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No question of closing down Integral Coach Factory, says Piyush Goyal

Minister hails the organisation for the Vande Bharat Express, India's first indigenously made semi-high-speed train

T E Narasimhan  |  Chennai 

Piyush Goyal
Piyush Goyal

The Ministry of Railways has said that it doesn't intend to close the Integral Coach Factory in Chennai.

Responding to DMK Member P Wilson's question on whether there is any such proposal, Minister of Railways and Commerce & Industry, said, there is no question of closing the ICF.

"We are very proud of the achievements of the ICF. Theire engineers and their workers made Vande Bharat, the first semi-high-speed train that India has ever made in 168-year Railway history. It is a jewel in the crown and there is every effort to grow, expand and modernise that company."

The Integral Coach Factory is one of the earliest production units of independent India. It was inaugurated by the country's first Prime Minister, Jawaharlal Nehru, in October 1955.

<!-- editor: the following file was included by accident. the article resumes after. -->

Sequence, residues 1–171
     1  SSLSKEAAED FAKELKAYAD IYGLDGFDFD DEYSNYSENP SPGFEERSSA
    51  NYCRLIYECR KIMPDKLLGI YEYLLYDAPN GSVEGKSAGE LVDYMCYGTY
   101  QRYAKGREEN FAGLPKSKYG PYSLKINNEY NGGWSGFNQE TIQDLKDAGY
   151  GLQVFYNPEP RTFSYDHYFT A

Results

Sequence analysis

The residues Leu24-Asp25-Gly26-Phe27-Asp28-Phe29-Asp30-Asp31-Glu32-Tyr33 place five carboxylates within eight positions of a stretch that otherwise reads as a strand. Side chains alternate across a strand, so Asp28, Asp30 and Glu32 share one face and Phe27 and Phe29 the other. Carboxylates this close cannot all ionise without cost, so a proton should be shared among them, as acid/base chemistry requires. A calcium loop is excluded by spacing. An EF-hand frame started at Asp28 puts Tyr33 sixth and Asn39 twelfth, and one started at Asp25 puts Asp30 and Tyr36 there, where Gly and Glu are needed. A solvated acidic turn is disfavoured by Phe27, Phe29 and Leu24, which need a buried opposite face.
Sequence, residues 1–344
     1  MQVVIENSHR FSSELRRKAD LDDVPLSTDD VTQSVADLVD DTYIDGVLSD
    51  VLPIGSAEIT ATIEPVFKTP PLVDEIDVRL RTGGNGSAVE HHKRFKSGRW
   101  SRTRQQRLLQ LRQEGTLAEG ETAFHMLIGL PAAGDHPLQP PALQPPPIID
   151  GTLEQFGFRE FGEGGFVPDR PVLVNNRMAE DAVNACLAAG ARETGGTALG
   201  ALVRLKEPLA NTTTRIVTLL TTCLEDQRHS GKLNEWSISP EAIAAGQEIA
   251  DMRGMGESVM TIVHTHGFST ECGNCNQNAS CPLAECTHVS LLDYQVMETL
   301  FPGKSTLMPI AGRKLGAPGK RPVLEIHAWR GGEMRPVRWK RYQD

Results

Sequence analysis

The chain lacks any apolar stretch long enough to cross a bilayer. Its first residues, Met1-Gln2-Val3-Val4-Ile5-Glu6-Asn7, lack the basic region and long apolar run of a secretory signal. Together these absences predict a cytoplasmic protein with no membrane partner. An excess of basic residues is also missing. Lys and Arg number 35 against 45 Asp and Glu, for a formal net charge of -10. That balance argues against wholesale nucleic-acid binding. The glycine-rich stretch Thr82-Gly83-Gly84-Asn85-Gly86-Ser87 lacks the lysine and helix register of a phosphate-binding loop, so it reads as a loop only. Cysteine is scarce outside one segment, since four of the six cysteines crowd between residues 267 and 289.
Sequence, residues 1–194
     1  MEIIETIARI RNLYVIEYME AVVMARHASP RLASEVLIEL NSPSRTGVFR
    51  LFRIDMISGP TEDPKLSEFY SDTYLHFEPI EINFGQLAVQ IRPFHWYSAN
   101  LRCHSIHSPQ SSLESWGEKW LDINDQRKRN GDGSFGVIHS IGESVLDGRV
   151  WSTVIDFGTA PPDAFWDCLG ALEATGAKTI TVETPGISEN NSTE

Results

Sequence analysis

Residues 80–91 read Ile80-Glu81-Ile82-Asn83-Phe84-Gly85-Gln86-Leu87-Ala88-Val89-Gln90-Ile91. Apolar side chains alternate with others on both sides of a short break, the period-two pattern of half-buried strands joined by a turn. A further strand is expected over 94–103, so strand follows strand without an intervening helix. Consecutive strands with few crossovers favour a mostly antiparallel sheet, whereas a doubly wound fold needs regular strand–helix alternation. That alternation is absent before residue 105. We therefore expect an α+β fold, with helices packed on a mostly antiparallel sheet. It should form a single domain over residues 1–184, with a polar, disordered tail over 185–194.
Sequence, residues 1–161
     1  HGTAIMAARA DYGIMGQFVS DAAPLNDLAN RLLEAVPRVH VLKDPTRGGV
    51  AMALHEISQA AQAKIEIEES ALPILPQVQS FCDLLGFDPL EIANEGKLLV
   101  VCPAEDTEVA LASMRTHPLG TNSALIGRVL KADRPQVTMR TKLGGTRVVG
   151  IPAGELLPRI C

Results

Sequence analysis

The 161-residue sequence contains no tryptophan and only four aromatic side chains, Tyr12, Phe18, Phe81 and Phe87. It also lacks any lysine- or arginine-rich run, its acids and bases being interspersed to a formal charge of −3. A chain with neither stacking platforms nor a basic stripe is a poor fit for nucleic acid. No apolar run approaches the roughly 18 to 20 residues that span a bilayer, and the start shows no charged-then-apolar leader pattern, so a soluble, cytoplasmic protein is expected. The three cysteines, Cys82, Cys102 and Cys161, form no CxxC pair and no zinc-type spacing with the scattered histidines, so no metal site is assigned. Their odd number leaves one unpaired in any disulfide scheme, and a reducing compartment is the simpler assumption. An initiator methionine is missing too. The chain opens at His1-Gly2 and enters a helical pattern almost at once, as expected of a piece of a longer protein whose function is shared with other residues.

The furnishing division was inaugurated in 1962 and the production of fully-furnished coaches steadily increased over the years. Spread over nearly 511 acres, ICF has about 10,408 employees and churns out more than 2,000 coaches every year, including the conventional and self-propelled variants.

ICF is capable of manufacturing many types simultaneously and adds new variants to the product mix every year. The factory has invented and experimented with new types of coaches such as self-propelled or special variants. It has produced 58,554 coaches since inception in 500-plus different designs.

ICF, a rail manufacturing unit of the Indian Railways, has set its eyes on manufacturing coaches for various metro rail systems, a segment dominated by state-owned BEML and multinational firms such as Alstom and Bombardier. It earned a revenue of Rs 5,500 crore in 2017-18.

First Published: Fri, November 29 2019. 20:07 IST